Tag Archives: it’s never enough money

It will never be enough: Guess how much taxpayer money is needed to solve King County’s homeless crisis

The 2019 King County Point in Time County data showed that there were 11,199 people experiencing homelessness across the region. This included 5,971 people sheltered in emergency shelters, safe havens and transitional housing and 5,228 people on the streets, in vehicles or staying in tents or encampments.

These numbers represented a 17% decrease in unsheltered people – the first decrease in homelessness in the region in the past seven years.

In March 2005 King County developed a ten-year plan to “end homelessness.”

Fast forward ten years to 2015 when King County/Seattle couldn’t end homelessness and then declared a “state of emergency” on the homeless crisis.

Since then, they have been spending over a BILLION a year to solve the homeless crisis. A BILLION taxpayer dollars a year for the end result of a 17% decrease (which took seven years to achieve).

A report done by McKinsey & Company consulting firm now estimates that it will cost between $450 million to $1.1 billion a year over 10 years to fully house the homeless and low-income population.

The study states that the county has spent billions of taxpayer dollars and their “best efforts have been aimed at the symptoms of this problem and not at its root causes.”

Apparently the solution is to build additional affordable housing that will require substantial incremental public spending. As the study notes though, “building alone will not fix the problem.”

Also from the study:

“It is common to lay the blame for homelessness on individual failures and personal weaknesses. More than one civic source has attributed homelessness to addiction. Others cite mental health or a failure of “personal responsibility.” People point to alcohol abuse and, in the case of veterans, post-traumatic stress disorder, as possible root causes. In fact, the majority are not addicts, and very few people cite substance abuse as a root cause of homelessness.

McKinsey & Company’s conclusion: “Seattle and King County can set an example for other coastal cities battling homelessness by confronting homelessness in a fact-driven manner melding head and heart. The region’s prosperity ought to be an impetus and catalyst for positive change. Reducing homelessness to near-zero levels should be the collective goal.”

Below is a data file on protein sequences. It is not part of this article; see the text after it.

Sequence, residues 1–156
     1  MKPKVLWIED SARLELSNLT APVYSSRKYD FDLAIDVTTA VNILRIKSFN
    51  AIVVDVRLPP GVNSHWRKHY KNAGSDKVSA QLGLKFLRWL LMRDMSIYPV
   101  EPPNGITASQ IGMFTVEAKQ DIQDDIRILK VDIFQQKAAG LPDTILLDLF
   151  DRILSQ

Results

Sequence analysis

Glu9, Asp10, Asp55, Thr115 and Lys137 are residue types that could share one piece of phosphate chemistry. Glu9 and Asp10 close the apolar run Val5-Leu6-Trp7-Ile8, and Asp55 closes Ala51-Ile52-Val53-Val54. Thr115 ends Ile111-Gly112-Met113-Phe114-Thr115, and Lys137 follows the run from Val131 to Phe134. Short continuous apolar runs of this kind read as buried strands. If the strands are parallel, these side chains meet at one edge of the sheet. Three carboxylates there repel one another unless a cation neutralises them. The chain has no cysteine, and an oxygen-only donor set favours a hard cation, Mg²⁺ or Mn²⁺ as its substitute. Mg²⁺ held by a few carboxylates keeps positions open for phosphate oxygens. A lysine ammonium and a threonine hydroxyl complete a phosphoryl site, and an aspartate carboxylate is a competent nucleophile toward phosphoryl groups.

Read the whole study here.

The majority of homeless in King County are not substance abusers nor do they have mental illness issues? That’s news to me.

In the Seattle area, it is estimated that 46-70% of homeless women and men report having substance abuse issues. And last July it was reported mental-health detentions had surged in King County, with homeless people more likely to return. From the Seattle Times story:

“People with housing instability represented 25% of all involuntary treatment cases from 2014 through 2018, and 41% of people with at least three prior cases, according to the auditor’s office report. More than 50% of people with unstable housing returned to the system within three years, compared to 36% of people with stable housing.”

My prediction: Fast forward to 2030 and after $11 BILLION taxpayer dollars has been spent, you are still going to have a homeless crisis in King County. After all, “fact-driven” solutions that ignore obvious root causes of homelessness only fund$ the homeless industrial complex.

DCG

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Guess how much WA State governor wants to spend to “fight” homelessness

Liberal utopia of Seattle/Q13 Fox photo

You will not believe the amount of taxpayer dollars Gov. Jay Inslee wants to spend to fight homelessness in his state. Actually, it’s not surprising at all.

What IS surprising is the small impact the MILLIONS of dollars will have in solving anything associated with the homeless industrial complex.

You can read the whole story about the governor’s plan here at MyNorthwest.com. I’m just pulling excerpts of the governor’s initiatives. Take a look at these numbers (which are in addition to Seattle and King County’s numbers):

Total amount the governor will include in 2020 supplemental budget: $146 million
Total cost over three years: $300 million
$66 million to “reduce the point-in-time count of unsheltered individuals by 1,890
$15.4 million to provide permanent supportive housing for 1,080 people

It’s been four years since former Seattle Mayor Ed Murray declared a homeless emergency. And it’s been 14 years since King County developed their ten-year plan to end homelessness. During this whole time, the area has been run by progressives.

In Seattle/King County they currently spend ONE BILLION taxpayer dollars annually to “fight” homelessness.

Guess the plan is to never actually “end” homelessness but rather just “fight” it. Courtesy of taxpayers, of course.

DCG

Better than Drudge Report. Check out Whatfinger News, the Internet’s conservative frontpage founded by ex-military!

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